BY DAVIDMURRAYLAW@GMAIL.COM

Photo of the Port of Beirut, taken by Ibrahim Mater, June 2021

 

 

 

I ate frog legs for the first time

 

at a restaurant in the Port of Beirut in 1969

 

when the country was a half-decade away

 

from its descent into civil war.

 

 

Paris of the East

 

you were my home

 

for a while at least

 

at a time when the region knew no other Rome.

 

 

I am reminded of the frogs leg dish

 

(legs slathered in cilantro and garlic)

 

consumed at a juncture when one could reasonably wish

 

that all the world would like

 

this place for its tolerance and diversity.

 

 

Four decades on, the Lebanese have been witness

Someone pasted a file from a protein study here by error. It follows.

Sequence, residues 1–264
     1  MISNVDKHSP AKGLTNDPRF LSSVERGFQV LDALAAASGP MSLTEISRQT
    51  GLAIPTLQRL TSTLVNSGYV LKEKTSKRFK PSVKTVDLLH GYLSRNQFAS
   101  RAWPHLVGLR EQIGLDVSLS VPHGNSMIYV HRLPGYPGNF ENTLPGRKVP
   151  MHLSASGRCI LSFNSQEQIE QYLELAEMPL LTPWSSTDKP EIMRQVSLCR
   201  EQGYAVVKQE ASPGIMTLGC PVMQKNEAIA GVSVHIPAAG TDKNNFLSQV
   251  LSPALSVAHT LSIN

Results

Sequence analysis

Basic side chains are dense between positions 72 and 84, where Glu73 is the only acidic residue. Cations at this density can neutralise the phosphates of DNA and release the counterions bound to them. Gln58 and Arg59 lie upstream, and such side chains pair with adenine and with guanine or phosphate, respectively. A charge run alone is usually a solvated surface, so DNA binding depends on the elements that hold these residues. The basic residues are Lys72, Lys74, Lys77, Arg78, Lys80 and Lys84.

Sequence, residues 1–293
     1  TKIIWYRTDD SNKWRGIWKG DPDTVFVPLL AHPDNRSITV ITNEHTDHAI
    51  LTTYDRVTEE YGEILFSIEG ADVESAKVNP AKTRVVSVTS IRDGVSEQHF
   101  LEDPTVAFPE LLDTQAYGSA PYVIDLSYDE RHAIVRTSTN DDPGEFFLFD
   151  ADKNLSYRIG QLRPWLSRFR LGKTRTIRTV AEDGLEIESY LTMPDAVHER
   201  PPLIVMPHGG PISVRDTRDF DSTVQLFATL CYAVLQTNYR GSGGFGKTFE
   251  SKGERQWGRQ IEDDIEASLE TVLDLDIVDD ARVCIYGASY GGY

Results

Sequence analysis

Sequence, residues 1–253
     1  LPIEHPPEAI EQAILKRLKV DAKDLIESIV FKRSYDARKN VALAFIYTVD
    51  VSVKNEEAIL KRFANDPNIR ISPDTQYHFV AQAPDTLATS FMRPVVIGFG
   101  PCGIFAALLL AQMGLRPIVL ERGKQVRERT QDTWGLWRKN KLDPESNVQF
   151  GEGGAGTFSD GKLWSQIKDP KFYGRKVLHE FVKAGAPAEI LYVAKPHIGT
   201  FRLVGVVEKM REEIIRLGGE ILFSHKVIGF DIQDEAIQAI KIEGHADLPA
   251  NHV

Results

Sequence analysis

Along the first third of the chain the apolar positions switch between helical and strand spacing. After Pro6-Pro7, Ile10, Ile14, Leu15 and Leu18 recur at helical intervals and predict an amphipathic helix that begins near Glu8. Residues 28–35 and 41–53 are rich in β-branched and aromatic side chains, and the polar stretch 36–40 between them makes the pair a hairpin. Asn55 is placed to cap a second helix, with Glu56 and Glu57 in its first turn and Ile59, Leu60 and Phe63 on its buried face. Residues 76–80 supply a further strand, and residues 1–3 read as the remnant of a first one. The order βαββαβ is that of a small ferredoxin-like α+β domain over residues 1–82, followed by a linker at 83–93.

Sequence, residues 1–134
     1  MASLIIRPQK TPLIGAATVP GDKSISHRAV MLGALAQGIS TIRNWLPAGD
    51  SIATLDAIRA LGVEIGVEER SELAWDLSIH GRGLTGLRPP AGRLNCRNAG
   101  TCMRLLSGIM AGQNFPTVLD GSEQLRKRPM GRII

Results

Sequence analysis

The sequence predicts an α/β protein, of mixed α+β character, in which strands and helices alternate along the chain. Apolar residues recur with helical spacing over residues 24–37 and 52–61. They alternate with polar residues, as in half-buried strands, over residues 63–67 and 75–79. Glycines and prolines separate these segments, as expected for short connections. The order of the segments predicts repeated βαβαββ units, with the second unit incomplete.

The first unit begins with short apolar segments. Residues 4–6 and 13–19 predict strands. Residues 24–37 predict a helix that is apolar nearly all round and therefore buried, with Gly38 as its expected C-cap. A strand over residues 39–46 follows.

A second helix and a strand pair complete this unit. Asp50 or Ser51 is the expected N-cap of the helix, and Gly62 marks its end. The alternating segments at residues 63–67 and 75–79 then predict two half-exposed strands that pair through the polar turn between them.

to an explosion

 

of historical proportion

 

in the Port of Beirut

 

a tragic metaphor for the corrosion

 

to which this small but great country

 

has succumbed.

 

 

Lebanon is a case-study

 

of how a place

 

adorned with beauty, harmony and grace

 

can lose its face

 

to the demons of groupism.

 

 

Where, my belonging,  

 

who I am

 

Is more important

 

than what I am

 

and how I am

 

and what I want to be.

 

 

Where one’s identity

 

Is a registry

 

for entitlement

 

and employment

 

and ill-begotten riches.

 

 

In Lebanon, the politics of identity

 

have endangered the viability

 

of its nation

 

putting at peril

 

all that people hold dear.

 

 

That Lebanon’s plight

 

be not lost in the night,

 

that the country may

 

again find its way

 

and show others how they also can.

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Frog Legs

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